The cylinders are housed at Indiana, at the Archives of Traditional Music, but
owned by the American Museum of Natural History.
> On July 5, 2013 at 1:05 AM Hugh Paterson III <[log in to unmask]> wrote:
> A a Linguist I am interested in these recordings and if the host archive
> participates in http://www.language-archives.org/
> - hugh paterson
> On Jul 3, 2013, at 11:36 PM, David Lewis wrote:
> > I suspect what's left of the Curtis cylinder collection is at Indiana
> > University, unless some have landed in the Folklife Collection at LoC.
> > Curtis' effects have shown up in various places, though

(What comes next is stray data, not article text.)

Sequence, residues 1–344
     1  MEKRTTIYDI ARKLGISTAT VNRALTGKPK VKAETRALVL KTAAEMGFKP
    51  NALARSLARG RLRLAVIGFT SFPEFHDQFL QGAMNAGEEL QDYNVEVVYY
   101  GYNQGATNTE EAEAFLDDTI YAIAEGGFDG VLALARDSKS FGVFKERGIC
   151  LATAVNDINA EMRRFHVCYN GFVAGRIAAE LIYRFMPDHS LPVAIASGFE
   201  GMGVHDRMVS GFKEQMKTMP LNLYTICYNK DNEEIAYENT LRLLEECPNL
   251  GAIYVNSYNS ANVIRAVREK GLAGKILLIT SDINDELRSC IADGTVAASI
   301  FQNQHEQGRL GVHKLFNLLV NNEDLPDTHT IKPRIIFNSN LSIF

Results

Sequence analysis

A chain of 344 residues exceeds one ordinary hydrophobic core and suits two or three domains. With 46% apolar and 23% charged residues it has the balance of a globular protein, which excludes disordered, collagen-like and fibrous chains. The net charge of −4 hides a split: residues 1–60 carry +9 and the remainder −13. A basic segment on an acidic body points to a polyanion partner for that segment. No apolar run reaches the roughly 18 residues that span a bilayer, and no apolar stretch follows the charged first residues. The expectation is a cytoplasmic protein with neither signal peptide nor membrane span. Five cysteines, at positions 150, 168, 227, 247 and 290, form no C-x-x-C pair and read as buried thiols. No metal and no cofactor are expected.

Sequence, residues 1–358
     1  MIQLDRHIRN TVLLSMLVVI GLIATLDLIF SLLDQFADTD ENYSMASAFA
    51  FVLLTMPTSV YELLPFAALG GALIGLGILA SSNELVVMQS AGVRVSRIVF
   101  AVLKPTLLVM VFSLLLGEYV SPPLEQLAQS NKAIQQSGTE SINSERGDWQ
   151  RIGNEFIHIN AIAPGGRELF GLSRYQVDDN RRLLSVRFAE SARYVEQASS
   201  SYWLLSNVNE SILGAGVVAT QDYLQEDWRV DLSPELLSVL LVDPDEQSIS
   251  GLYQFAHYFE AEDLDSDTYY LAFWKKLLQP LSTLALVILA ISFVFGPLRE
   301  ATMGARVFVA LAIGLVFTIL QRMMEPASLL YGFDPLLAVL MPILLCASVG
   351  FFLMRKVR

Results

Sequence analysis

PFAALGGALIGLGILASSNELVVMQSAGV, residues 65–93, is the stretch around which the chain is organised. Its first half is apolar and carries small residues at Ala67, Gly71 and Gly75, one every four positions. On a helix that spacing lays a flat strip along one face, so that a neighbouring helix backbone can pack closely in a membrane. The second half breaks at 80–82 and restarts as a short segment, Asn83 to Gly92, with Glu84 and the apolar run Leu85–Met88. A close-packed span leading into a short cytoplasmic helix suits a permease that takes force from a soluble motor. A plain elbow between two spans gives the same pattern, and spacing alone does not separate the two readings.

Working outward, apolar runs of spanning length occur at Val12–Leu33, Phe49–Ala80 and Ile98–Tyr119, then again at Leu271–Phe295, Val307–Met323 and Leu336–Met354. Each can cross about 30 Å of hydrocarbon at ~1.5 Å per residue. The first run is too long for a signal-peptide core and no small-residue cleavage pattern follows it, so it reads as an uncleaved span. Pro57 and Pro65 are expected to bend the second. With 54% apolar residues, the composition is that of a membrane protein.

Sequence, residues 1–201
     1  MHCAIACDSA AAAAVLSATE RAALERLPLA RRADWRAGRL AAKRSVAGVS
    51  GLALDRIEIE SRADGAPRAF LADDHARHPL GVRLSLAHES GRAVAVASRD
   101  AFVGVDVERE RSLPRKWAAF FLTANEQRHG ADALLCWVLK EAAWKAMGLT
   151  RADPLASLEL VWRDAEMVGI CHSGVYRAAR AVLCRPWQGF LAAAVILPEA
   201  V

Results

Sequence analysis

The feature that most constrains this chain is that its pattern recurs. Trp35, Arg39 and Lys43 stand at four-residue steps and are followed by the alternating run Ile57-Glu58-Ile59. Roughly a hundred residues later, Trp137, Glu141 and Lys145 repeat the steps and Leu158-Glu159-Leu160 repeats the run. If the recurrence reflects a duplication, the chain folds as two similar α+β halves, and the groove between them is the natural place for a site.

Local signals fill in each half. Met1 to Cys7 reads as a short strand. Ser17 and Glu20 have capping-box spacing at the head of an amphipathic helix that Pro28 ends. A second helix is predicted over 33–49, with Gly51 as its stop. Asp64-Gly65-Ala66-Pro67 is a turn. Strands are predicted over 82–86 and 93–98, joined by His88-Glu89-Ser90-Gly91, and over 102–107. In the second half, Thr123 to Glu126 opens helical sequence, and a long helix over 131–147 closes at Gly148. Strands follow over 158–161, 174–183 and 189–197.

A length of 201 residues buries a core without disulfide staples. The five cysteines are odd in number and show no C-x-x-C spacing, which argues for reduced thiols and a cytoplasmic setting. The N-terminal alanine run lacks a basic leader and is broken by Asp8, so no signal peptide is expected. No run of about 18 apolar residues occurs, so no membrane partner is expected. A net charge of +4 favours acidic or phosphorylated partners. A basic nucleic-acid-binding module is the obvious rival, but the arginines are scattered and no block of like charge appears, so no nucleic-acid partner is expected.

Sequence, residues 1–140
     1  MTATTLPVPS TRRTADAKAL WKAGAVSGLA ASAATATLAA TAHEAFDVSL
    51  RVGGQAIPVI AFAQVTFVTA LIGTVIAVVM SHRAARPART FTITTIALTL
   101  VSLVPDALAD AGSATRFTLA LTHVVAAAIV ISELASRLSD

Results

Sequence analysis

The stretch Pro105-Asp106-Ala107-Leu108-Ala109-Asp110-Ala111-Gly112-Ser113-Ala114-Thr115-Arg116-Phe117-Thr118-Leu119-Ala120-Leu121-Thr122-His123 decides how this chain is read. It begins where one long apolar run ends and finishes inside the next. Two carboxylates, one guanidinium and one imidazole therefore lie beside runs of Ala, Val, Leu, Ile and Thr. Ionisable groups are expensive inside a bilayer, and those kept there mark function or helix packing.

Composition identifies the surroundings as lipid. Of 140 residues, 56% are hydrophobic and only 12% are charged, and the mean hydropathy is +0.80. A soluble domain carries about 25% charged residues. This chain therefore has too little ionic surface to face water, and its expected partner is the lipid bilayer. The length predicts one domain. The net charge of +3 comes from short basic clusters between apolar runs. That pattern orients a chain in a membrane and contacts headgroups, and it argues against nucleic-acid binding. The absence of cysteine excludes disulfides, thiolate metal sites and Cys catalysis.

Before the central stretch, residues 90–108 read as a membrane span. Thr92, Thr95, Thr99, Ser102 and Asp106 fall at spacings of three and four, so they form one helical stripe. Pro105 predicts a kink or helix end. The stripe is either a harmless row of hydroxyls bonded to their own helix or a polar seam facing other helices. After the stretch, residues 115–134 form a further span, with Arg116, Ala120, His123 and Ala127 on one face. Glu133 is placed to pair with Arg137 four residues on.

> > mainly in California. I suspect that he donated the cylinders during his
> > lifetime. However, that collection is one of IU's preservation poster
> > children. It has fallen prey to chemical decomposition
> > and I can't say how much of it is still conservable. Perhaps someone on
> > this list who is closer to the collection could report.
> > Uncle Dave Lewis
> > Cincinnati, OH
> > On Wed, Jul 3, 2013 at 11:19 PM, Chris Bishop <[log in to unmask]>wrote:
> >> Edward Curtis, best known as a photographer of native Americans "made over
> >> 10,000 wax cylinder recordings of Indian language and music" according to
> >> Wikipedia. Do these recordings survive, and are any available to the
> >> public, or, more conveniently, online?
> >> Thanks
> >> Chris Bishop